‘SHE GAVE ACUTE PLEASURE IN NEW WAYS, SHE PUSHED THE LIGHT OF THE ENGLISH LANGUAGE A LITTLE FURTHER AGAINST DARKNESS’
FORSTER, Edward Morgan. Virginia Woolf. The Rede Lecture 1941. Cambridge: Cambridge University Press, 1942.
Octavo (183 x 124mm), pp. [2 (upper wrapper)], - (text), [2 (lower wrapper)]. (Some spotting and foxing.) Original plain self-wrappers with printed dustwrapper tipped onto spine, not price-clipped. (Dustwrapper a little spotted, creased at edges, spine with small losses and splits causing upper panel to detach). A very good copy of a work produced under wartime conditions. Provenance: H. Llwyd-Jones (early ownership signature on upper wrapper).
First edition. Forster’s Rede Lecture was delivered at Cambridge on 29 May 1941, and was devoted to his friend, literary associate, and publisher Virginia Woolf, who had taken her own life two months earlier on 28 March 1941. Forster explores the complexities and character of Woolf, her writing and her character as a writer, and her political beliefs, with the caveat that ‘ours is not a good vintage year for judgments’ (p. 27), concluding with the words: ‘[l]ike all her friends, I miss her greatly – I knew her ever since she started writing. But this is a personal matter, and I am sure that there is no case for lamentation here, or for the obituary note. Virginia Woolf got through an immense amount of work, she gave acute pleasure in new ways, she pushed the light of the English language a little further against darkness. Those are facts. The epitaph of such an artist cannot be written by the vulgar-minded or by the lugubrious. They will try, indeed they have already tried, but their words make no sense. It is wiser, it is safer, to regard her career as a triumphant one. She triumphed over what are primly called “difficulties,” and she also triumphed in the positive sense: she brought in the spoils. And sometimes it is as a row of little silver cups that I see her work gleaming. “These trophies,” the inscription runs, “were won by the mind from matter, its enemy and its friend” (pp. 27-).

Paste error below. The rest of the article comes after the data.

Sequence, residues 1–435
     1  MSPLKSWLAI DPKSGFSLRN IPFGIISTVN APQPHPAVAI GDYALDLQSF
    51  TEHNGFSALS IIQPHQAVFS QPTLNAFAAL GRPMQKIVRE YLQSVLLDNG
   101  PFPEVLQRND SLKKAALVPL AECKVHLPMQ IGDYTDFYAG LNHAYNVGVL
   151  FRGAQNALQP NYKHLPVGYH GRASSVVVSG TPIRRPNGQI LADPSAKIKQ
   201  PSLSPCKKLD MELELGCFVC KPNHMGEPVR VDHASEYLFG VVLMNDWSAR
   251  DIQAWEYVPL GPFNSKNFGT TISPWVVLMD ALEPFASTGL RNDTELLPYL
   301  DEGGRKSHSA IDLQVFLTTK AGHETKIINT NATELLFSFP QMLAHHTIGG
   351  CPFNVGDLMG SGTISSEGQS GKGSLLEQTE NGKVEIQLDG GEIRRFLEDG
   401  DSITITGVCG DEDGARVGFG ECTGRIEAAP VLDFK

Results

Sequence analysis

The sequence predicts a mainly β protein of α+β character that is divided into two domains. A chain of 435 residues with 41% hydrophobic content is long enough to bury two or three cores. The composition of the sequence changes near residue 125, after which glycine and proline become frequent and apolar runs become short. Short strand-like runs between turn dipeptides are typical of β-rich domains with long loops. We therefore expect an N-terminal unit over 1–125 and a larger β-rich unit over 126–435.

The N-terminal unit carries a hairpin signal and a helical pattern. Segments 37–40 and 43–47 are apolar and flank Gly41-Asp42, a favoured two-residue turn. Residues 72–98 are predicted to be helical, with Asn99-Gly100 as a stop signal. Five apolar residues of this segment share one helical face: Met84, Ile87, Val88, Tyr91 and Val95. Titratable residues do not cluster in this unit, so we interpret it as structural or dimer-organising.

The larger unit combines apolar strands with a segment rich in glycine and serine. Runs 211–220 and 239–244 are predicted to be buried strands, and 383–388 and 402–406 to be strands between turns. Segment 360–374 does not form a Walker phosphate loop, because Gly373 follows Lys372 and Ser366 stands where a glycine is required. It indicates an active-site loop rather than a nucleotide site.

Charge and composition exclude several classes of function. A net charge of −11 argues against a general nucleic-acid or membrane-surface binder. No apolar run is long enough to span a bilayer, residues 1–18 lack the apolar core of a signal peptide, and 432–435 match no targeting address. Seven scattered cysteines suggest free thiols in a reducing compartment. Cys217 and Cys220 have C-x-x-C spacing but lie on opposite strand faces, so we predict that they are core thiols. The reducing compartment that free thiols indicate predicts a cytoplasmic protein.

Virginia Woolf – which is dedicated to Woolf’s widower Leonard Woolf – was first published on 22 May 1942 in an edition of 5,000 copies at 1s. 6d., and a second impression of a further 5,000 copies was issued in June 1942. The lecture was later collected in Forster’s Two Cheers for Democracy (1951).
Kirkpatrick, Forster (1985) A24a.
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